> maybe you had actually run the model
Run a numerical model? Nope. The number of assumptions required to set up such a model boggles the mind. Sorting out the constants or factors would be a PhD project! Field testing is simpler and has the virtue of being believable :-)
But yes, everything I review has been field tested. Fairly thoroughly too in most cases. (Better thank my wife who also does some of the testing for me.)
Sometimes, when the items are good, I lose them to my wife ... :-) The manufacturer can really take a bow when she pinches an item off me.
> Aren't the tubes inter-connected?
Yes, but the effect of that is rather small. The interconnection is usually limited to a small cross-section at one or both ends. Unless you are trampolining all night, the amount of air passing into and out of the *edge* tubes is small. They inflate, and that's it. In general I sleep more or less on the middle of the mat, so I do not lean very much on the edge tubes. There may be some circulation between middle tubes of course.
> Have you tried it with the closed cell pad above and below?
I will confess that most of my field testing has been done with the CCF underneath. I tried putting the CCF on top a few times and found it awkward to manage, and apparently no better. My experience; others may feel differently of course. Also bear in mind that the POE EE 6 has some (not a lot of) insulation under the top surface. This insulation WAS noticeable. I think it fluffs up during the night.
> My quilt is flattened underneath me, so it's a fairly short line between me and the outside at the edge.
Ah, hum ... In general my UL quilt stays on top of me except for the short bit at my feet, and it's a bit wider than most. Wide enough that I can tuck my wife under it as well if it is very cold. I can't say I have ever noticed any significant cold under me. OK, I'm a woose.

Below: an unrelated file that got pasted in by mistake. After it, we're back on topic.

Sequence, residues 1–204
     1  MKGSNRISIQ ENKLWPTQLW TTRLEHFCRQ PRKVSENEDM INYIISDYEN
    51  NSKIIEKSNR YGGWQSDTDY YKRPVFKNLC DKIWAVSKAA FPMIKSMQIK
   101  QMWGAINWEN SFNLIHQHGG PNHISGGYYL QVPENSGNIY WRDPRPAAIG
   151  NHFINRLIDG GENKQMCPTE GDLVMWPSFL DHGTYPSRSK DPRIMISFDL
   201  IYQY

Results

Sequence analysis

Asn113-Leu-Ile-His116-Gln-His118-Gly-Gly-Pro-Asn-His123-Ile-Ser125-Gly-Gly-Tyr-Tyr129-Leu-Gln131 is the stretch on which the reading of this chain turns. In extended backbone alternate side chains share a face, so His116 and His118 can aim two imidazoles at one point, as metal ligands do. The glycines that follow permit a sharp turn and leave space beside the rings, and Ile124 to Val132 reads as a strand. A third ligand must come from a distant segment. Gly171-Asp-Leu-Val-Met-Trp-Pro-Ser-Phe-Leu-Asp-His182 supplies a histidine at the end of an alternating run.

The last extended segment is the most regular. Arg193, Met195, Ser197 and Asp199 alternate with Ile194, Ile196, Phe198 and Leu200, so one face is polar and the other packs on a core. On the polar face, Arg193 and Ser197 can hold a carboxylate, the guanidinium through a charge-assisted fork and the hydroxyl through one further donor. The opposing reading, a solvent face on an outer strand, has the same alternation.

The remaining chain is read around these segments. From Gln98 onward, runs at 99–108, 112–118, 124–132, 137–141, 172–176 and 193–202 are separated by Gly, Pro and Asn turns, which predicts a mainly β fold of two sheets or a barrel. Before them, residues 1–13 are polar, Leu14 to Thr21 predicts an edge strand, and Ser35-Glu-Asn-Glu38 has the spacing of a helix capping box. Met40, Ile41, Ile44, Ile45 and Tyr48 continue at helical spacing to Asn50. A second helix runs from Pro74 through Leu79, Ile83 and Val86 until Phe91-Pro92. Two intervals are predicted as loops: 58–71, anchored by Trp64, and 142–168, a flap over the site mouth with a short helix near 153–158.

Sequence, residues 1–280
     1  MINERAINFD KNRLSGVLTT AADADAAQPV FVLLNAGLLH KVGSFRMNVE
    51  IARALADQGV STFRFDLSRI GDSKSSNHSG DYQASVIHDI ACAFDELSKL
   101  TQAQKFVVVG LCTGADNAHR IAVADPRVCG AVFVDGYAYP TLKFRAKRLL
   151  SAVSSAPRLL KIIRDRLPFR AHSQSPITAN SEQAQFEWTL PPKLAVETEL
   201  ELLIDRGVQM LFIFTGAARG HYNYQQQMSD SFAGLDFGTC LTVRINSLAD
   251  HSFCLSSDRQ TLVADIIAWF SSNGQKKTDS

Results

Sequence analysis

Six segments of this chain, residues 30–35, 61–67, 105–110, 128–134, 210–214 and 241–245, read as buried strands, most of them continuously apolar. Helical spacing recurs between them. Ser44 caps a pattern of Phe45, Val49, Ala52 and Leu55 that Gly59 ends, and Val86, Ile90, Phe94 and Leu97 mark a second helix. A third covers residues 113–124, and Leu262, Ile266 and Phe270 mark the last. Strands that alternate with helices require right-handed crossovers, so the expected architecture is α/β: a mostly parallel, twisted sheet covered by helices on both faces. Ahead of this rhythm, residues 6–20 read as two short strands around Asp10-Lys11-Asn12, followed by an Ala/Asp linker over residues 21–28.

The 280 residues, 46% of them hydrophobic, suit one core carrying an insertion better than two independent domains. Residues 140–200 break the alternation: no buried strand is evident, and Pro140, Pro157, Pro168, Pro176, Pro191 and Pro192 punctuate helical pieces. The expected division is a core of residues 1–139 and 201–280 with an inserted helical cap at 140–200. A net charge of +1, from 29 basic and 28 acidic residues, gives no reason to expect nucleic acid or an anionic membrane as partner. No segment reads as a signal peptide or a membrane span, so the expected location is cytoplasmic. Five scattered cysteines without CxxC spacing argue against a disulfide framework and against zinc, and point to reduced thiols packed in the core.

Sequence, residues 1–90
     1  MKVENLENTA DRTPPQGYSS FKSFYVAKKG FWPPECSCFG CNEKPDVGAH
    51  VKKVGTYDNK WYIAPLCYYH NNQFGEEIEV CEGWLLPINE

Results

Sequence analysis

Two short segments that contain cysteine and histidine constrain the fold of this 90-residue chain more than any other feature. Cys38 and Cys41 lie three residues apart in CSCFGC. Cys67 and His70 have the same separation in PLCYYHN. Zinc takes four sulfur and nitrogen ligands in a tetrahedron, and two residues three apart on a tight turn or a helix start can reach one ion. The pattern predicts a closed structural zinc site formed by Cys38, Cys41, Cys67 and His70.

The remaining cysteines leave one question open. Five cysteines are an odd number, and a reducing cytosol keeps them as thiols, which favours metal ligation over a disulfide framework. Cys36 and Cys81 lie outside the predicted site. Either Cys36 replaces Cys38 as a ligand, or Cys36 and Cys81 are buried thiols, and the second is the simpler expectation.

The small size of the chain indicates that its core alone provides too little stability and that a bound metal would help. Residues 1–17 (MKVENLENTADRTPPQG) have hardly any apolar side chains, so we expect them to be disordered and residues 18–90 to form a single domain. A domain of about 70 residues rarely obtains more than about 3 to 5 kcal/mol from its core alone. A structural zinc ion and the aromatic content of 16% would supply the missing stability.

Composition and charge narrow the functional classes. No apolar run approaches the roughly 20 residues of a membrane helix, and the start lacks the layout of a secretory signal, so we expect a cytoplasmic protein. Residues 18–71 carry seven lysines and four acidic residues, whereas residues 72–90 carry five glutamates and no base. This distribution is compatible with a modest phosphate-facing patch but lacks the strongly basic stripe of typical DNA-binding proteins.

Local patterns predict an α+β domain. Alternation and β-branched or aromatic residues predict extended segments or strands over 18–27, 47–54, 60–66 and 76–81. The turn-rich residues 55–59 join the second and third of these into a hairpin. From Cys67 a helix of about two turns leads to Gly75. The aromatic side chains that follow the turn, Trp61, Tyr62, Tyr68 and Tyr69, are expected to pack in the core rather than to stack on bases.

> Can't say that I ever have that much gear to pile along side, but you have stated
> before that you pack fairly heavy compared to some others on BPL.
I had better explain about that.
First of all, our weather can be VERY variable, FAR more variable than much of America. It can be >30 C in the middle of the day and yet hail or snow at night. This applies both in the Alpine region and also in the local mountains. It's due to geographic factors that can flick the major airstreams around - butterfly effect. So ... needs must we include a little more by way of clothing. It would be rare that I am not carrying a thermal top and a Cocoon 60. But if it is warm at night that clothing stays in its stuff sacks. Extra weight I know, but you try cooking dinner with just a wet shirt and a cold-front storm outside. :-)
Second, as we are often out for up to a week at a time, there is usually a fair bit of food in small stuff sacks. It too makes a good barrier at the edge of the mat. We use everything!
Third, some of our local mountains are a bit on the cliffy side. (Up to 600 m of near vertical rock in fact.) We have to carry some rope etc both for safety and planned passes through cliff-lines. Often just 5 or 6 mm line though.
Yeah, it all adds up. Well, you should see what some of the local heavy-weights carry!